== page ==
The images were captured by NASA's Earth Polychromatic Imaging Camera (EPIC), a four-megapixel CCD camera and telescope on the DSCOVR satellite orbiting 1 million miles from Earth. From its position between the sun and Earth, DSCOVR conducts its primary mission of real-time solar wind monitoring for the National Oceanic and Atmospheric Administration (NOAA).

Monkeys in Brazil have used stone tools for hundreds of years at least
July 11, 2016 01:10 PM - University of Oxford

New archaeological evidence suggests that Brazilian capuchins have been using stone tools to crack open cashew nuts for at least 700 years, and the new research paper asks whether human behaviour was influenced through watching the monkeys. 


Researchers say, to date, they have found the earliest archaeological examples of monkey tool use outside of Africa. In their paper, published in Current Biology, they suggest it raises questions about the origins and spread of tool use in New World monkeys and, controversially perhaps, prompts us to look at whether early human behaviour was influenced by their observations of monkeys using stones as tools. The research was led by Dr Michael Haslam of the University of Oxford, who in previous papers presents archaeological evidence showing that wild macaques in coastal Thailand used stone tools for decades at least to open shellfish and nuts.

Fruit and veg give you the feel-good factor
July 11, 2016 10:17 AM - University of Warwick via EurekAlert!

University of Warwick research indicates that eating more fruit and vegetables can substantially increase people's later happiness levels.

Published in the prestigious American Journal of Public Health, the study is one of the first major scientific attempts to explore psychological well-being beyond the traditional finding that fruit and vegetables can reduce risk of cancer and heart attacks.

Happiness benefits were detected for each extra daily portion of fruit and vegetables up to 8 portions per day.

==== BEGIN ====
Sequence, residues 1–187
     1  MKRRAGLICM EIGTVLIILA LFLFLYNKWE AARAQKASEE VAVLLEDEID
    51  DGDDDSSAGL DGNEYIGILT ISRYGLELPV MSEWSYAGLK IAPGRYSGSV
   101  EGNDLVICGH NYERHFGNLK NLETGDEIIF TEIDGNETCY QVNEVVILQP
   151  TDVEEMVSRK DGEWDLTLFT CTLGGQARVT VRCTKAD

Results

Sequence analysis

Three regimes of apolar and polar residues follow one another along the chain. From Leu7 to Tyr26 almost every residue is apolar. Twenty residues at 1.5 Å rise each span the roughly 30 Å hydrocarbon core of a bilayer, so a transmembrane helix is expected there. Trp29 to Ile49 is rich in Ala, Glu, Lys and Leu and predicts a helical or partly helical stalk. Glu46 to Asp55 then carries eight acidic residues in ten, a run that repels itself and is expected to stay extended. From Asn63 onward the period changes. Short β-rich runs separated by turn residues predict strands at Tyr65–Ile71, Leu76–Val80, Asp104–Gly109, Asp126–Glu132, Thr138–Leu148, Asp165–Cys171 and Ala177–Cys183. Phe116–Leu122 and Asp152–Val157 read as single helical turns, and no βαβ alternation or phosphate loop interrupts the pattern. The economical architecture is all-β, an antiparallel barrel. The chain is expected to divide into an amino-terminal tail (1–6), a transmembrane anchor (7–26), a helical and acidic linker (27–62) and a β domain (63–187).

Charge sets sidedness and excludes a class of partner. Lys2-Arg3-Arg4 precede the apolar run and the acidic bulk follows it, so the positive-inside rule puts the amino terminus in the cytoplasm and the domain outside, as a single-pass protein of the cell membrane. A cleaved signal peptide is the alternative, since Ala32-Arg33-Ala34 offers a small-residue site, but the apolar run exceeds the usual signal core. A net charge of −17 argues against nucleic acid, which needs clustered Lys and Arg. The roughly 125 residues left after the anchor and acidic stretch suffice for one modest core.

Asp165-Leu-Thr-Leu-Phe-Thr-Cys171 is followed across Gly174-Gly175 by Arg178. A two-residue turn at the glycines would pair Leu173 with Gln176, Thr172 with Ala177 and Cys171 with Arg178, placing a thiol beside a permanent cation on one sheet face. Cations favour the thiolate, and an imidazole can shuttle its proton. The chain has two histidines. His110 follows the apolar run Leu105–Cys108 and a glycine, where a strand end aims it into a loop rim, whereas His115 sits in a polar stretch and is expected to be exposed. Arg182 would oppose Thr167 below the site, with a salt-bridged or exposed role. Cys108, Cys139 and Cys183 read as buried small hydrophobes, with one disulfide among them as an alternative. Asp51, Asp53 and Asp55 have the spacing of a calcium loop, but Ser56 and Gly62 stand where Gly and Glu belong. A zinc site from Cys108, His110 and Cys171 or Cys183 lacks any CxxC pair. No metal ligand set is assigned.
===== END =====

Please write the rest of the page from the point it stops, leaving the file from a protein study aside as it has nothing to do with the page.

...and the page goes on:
Horrible algae bloom in Florida blamed on the government
July 10, 2016 09:12 AM - Greg Allen/NPR

About a hundred miles north of Miami on the Atlantic Coast, the town of Stuart is a picturesque waterfront community — with homes, restaurants and parks overlooking the St. Lucie Estuary. But in many areas now, when you approach the water, the first thing you notice is the smell.

"There's no way to describe it," says John Skinner, a boat salesman in Stuart.

But he still tries. "I would say hundreds of dead animals that have been baking in the sun for weeks."

 

Climate change may shrink Adélie penguin range by end of century
July 8, 2016 05:04 PM - Nasa / Goddard Space Flight Center via EurekAlert!

Climate has influenced the distribution patterns of Adélie penguins across Antarctica for millions of years. The geologic record tells us that as glaciers expanded and covered Adélie breeding habitats with ice, penguins in the region abandoned their colonies. When the glaciers melted during warming periods, the Adélie penguins were able to return to their rocky breeding grounds.

Now, a NASA-funded study by University of Delaware scientists and colleagues at other institutions reports that this warming may no longer be beneficial for Adélie penguins. In a paper published June 29 in the journal Scientific Reports, the researchers project that approximately 30 percent of current Adélie colonies may be in decline by 2060, and approximately 60 percent of the present population might be dwindling by 2099. They also found the penguins at more southerly sites in Antarctica may be less affected by climate change.

How plants sense electric fields
July 8, 2016 12:06 PM - University of W├╝rzburg via EurekAlert!

The cells of plants, animals and humans all use electrical signals to communicate with each other. Nerve cells use them to activated muscles. But leaves, too, send electrical signals to other parts of the plant, for example, when they were injured and are threatened by hungry insects.

"We have been asking ourselves for many years what molecular components plants use to exchange information among each other and how they sense the changes in electric voltage," says Professor Rainer Hedrich, Head of the Chair for Molecular Plant Physiology and Biophysics at the University of Würzburg.

Results published in Plant Biology

This question has been intriguing Hedrich since the mid 1980s when he was still a postdoc in the laboratory of Erwin Neher at the Max Planck Institute in Göttingen. "Back then, we used the patch clamp technique to make the first-time discovery of an ion channel in plants which is activated by calcium ions and an electric field." In 2005, other scientists then found the gene underlying this ion channel (name: TCP1). And now it has been Hedrich's team again that has identified that part of the channel which functions as a sensor for electric voltage and activates the channel.